On a POSIX system, is there a possibility for a file which is non-executable and read-only (aka with a mode 444) to run malicious code on a machine?
If so, can you explain how it would do so?
Yes, something just has to execute it. The X flag hints to the shell that it can be directly executed, but that doesn't stop other programs from executing it if they know how.
For example, if you have a file
a.sh which is not executable to the shell, you can execute it by calling
bash a.sh (which tells
bash explicitly to execute it). If you have a non-executable file
a.py, you can execute it by calling
python a.py. I'd imagine there's also a way to tell the OS to execute a binary ELF file, but I don't know the command off hand.
There are also a whole class of things which don't require you to do anything in particular to make it execute malicious code. PDFs and Adobe Flash files in particular have had some well-known holes which allowed the simple act of reading a file to execute malicious code. There are also some files which, in specific places, and be auto-executed (especially on Windows). Also, if the file is compressed, it may contain a buffer-overflow virus for the decompressor. The file also may be even more malicious, taking advantage of a yet-unknown bug in the file system or something else really low-level.
Bottom line: the only way to guarantee something won't infect your computer is to never do anything with anything.
Let's say you have the file myscript containing the following:
echo "Hello, World!"
If you make this file executable and run it with ./myscript, then the kernel will see that the first two bytes are #!, which means it's a script-file. The kernel will then use the rest of the line as the interpreter, and pass the file as its first argument. So, it runs:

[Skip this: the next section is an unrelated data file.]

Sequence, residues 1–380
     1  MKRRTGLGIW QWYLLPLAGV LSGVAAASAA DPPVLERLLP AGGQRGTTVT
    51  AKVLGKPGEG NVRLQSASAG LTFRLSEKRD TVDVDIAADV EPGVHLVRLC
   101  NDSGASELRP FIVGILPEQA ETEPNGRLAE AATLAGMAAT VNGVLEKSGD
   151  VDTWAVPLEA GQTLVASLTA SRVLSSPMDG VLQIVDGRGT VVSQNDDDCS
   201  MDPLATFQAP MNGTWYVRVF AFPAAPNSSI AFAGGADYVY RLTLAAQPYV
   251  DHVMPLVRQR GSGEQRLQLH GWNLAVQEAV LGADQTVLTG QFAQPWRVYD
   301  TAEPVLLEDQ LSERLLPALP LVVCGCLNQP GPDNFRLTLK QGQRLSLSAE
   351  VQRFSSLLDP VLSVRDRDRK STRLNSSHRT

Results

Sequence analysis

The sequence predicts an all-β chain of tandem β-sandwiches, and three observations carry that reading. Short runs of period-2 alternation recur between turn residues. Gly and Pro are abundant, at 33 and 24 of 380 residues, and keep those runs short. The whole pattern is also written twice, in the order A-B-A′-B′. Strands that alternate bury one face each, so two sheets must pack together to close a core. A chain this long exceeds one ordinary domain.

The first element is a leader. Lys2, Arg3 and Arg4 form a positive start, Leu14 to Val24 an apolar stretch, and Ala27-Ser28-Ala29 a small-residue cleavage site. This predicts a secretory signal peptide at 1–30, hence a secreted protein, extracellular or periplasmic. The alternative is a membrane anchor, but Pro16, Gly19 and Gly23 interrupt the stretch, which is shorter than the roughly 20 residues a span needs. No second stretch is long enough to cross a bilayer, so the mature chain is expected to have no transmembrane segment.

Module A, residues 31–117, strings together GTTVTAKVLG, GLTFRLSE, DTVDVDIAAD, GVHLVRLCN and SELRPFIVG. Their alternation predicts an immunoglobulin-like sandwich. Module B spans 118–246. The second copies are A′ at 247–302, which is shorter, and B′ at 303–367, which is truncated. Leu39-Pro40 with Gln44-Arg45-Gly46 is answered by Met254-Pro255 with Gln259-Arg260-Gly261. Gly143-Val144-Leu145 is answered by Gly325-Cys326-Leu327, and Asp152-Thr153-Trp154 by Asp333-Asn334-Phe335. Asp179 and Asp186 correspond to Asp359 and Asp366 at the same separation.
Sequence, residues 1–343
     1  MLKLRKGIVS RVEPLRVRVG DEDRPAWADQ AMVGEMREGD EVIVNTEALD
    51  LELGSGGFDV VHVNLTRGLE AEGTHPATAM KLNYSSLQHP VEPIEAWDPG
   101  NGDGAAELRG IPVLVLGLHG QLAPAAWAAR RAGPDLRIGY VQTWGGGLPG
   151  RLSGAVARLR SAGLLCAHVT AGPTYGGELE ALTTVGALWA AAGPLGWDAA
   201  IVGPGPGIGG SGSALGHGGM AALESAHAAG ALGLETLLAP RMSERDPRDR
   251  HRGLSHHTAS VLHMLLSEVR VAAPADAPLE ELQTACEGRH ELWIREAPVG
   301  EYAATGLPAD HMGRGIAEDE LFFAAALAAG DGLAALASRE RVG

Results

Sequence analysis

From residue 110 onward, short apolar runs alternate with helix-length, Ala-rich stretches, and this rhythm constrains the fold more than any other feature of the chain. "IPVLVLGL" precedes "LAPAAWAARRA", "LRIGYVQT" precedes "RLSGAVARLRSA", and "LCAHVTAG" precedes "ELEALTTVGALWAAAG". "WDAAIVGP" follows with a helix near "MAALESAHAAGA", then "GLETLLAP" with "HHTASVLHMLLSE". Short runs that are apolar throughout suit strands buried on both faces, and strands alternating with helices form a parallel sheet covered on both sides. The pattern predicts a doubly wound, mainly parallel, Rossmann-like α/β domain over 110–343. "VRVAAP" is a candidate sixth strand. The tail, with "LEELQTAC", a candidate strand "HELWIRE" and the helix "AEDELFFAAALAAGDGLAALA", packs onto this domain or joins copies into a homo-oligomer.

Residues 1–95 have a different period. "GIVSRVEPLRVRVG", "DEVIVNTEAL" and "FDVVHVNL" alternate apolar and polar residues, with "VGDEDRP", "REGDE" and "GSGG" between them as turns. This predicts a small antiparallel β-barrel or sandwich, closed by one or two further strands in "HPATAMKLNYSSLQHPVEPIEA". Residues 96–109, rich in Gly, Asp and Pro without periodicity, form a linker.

and bash reads the file and executes the commands it contains. another way of executing a file without execute bit set is:
a dot followed by a space and then the name of file.
Thus, for bash (or whatever interpreter your script requires) to "execute" the script, it only needs to be able to read the file.
So, for scripts, the execute bit just makes it a bit more convenient to execute it. As long as bash is executable, you can always run bash with the script file as argument
This can be true not only with scripts like the other examples shown on all answers. Basically, if the software that reads a file have a bug, every file is an vector for malicious code execution, using a pretty vast range of techniques(overflow, mem corruption, arbitraty software execution...). Examples:
A file itself may not be dangerous just sitting there. But depending on the program the will try to read it, it could cause problems. As well if the file can be read it can be copied. So it could be copied and renamed into a executable file.
So say you are using DOS/Windows and you have a file something.txt and you copy it to a file called something.bat you can now execute it.
In theory if the file is just sitting there it could be still dangerous, if by somehow the file allocation table (FAT) for the file system has some issues, and is executing a program then due to improper fragmentation it could jump to where your malicious file is and run such code. This type of actions on some Operating Systems can be done via a buffer overflow.
Yes you can. The classic example for binaries is to use the ELF-interpreter as in the example below.
$ cp /bin/ls /tmp/ls
$ chmod a-x /tmp/ls
$ /lib/ld-linux.so.2 /tmp/ls
Or for x86-64 systems:
$ /lib64/ld-linux-x86-64.so.2 /tmp/ls
The same goes for shell scripts.
$ echo "#!/bin/bash" > /tmp/hello
$ echo "echo 'hello world" >> /tmp/hello
$ bash /tmp/hello
These are basic example when we have a new auditor or risk manager or security officer who thinks we need to tidy up things. The resolve this is to go the path of SELinux on Linux systems as it also restricts other escalation paths as others also mentioned.